Newspaper Page Text
ft suri For Robbu and Iderig
Wias Fox, a Farmer.
EGROES ARE LEAVIE
Chaileston. Where the Mob Took
the Prks-oaers from the Jail and
Lynched Them in the Preseaia4 ofi
a large. Crowd Including Mani
Wromenw and Children.
An exodus in the negro ropu:a
tion of Charleston. Missouri. is rt
ported to be in progress. follo~wink
the double lynching on Monda.
when Robert Coleman and San.
Fields were hanged by an infuritiet
mob for the murder of William Fox
a Mississippi county farmer.
No shots were fired on either side
In the crowd which packed the cour
house -ard in front of the jail wer
ti&lIn-.g.. 'VoV. .Po UCHBWOM1
many women and children. and rhi
officers feared on that account to re
sort to shooting. On the outskirt
of the crowd were several autonmo
biles. their occupznts standing o,
the seats to better watch the attacl
on the jai:.
Seemingly the mob waited onl:
for a leader. About 4 o'clock in th
afternon a man seemed to tak
charge and the crowd rushed for
ward. A concerted rush was nad
at the jail and in a moment th
front fence of the yard was tram
The sheriff and his men wer
brushed aside. There was no turE
Ing back then, even had the leader
been so inclined. for the hundred
In the rear were pushing forwar
shouting for the lives of the n
groes. A railroad tie was shove
forward as a battering ram. Th
mob shouted with increasing rag
as the door went down and tb
crowd pushed into the buildini
Another door was in the way. Thi
was smashed in a second and th
crowd surged upstairs to the secon
Boor where the two negroes wer
Those In the yard-the wome
and children--could hear the sound
of a sledge hammer as the lock wa
knocked off the cell door. In a fe
moments a shout announced th;
the lock had been broken.
Coleman was dragged forth am
lynched In the jail yard. while ti
crowd cheered. A man climbed v
a tree and put one end of the ro;
over a limb. The negro was jerke
up and soon swung clEir of ti
While Coleman dangled. anoth<
body of men rushed from the jai
dragging and pulling the other n
gro, Sam Fields. A rope was pla
ed around his neck and the mo
shouting, started west along Cou
The negro said he would sho
the men where he and Coleman ht
hidden the revolver they had used
shooting Wmllam Fox. whose deal
the crowd avenged. The men
charge after a short parley decidi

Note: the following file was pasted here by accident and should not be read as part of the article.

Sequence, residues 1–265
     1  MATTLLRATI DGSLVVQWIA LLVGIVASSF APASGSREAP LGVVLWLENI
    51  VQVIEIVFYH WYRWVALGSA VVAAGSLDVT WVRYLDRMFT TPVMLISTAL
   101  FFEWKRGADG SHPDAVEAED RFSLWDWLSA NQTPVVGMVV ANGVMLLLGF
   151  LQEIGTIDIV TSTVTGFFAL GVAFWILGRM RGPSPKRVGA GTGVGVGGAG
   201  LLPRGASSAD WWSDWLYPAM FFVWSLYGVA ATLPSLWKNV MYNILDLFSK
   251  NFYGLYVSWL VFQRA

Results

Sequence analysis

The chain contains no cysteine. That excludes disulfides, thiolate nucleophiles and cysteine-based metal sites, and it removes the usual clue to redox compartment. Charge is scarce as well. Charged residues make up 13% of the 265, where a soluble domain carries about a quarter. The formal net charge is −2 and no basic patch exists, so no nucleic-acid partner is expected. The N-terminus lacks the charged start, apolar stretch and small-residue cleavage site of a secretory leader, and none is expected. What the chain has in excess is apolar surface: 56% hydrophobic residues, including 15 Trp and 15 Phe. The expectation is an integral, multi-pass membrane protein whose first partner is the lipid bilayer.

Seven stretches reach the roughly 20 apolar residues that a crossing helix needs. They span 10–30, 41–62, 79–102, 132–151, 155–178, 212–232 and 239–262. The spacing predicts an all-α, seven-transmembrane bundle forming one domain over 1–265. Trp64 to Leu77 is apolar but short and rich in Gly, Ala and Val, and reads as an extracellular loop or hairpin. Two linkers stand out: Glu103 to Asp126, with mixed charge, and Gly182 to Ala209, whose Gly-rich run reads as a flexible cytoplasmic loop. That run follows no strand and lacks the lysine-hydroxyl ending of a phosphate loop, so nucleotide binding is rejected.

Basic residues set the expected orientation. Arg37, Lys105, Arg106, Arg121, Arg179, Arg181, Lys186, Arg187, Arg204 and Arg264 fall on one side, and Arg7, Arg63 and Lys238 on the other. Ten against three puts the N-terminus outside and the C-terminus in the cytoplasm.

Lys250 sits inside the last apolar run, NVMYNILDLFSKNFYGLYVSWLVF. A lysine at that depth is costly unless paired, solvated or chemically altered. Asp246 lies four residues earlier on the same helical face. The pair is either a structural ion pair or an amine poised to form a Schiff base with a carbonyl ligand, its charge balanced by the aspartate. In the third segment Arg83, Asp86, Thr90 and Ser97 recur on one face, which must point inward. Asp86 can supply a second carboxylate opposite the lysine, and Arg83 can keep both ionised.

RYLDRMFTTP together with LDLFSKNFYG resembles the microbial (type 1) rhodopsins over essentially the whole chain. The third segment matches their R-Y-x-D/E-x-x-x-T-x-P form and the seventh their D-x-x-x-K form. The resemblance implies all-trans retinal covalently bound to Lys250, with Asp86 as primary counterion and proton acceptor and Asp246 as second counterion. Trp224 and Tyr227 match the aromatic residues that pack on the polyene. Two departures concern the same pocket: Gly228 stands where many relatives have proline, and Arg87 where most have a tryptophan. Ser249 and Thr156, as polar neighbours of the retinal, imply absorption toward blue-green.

to take the negro to find the revc
ver. The rope still about his nec
and drawn tightly b. his captot
Fields was thrown into a carriage.
Followed by the mob on foot.
carriages and automobiles, the vet
cle containing Fields started to tU
scene of the shooting, half a mi
south of town.
After going part of the way tI
negro told the captors be ''guesset
after all he could not Sund the vi
A ste was then made and Fiel<
was jetihed out of the carriage wil
out any preliminaries, the rope w:
tossed over the limb of a tree ax
Fields was strung up.
Next morning his body was sti
swinging. The body of the other n
gro was cut down by several persot
who wanted pieces of the rope
The crime which a mob aveng.
by lynch law was committed abo'
ten o'clock Saturday night. The m<
tive was robbery.
FOUND OOOK'S RECORD)S.
And Reed 'Em and Stowed 'E:
Back Atop Mt. McKinley.
-rhat Dr. Frederick A. Cook. whot
claims to have discovered the nort
pole hare been discredited the wor)
over, did, as he claims, reach tb
top of Mount McKinley is the statt
ment made at Colorado Spring:
Col., Thursday by P. J. Carrigan.
seaman and placer miner from Aiaa
ka. Carrigan. whose story is cot
sidered by Dr. Cook's forzaer bail
er. John R. Bradley. extremel
plausible, declares that he hinmsel
ascended the mountain and foun
the copper tube and records lel
there by Dr. Cook. After examinin
the records and American flag in th
tube Carrigan restored it to tu
niche In the boulder where he founi
it. This was In June. 1907. Car
rigan came to Colorada Springs re
cently from Galveston. Texas. to loo'
for his old friend. James Casey. wh<
was there in 19a61 and 19i,:. Cat
rigan met Casey in the Alaskan gol<
field. He declares that. Casey know
of his ascent of Mount McKinley
and will vouc.h for his statements
Carrigan says he did not kr~ow unti
within the last month that the asren
of Mount McKiney claimed by Dr